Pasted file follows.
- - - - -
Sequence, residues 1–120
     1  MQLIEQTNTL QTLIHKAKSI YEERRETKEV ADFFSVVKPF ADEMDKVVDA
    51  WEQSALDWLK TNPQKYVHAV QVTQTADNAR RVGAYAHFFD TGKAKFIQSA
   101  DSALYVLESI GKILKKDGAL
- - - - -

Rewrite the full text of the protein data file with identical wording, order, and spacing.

Sequence, residues 1–120
     1  MQLIEQTNTL QTLIHKAKSI YEERRETKEV ADFFSVVKPF ADEMDKVVDA
    51  WEQSALDWLK TNPQKYVHAV QVTQTADNAR RVGAYAHFFD TGKAKFIQSA
   101  DSALYVLESI GKILKKDGAL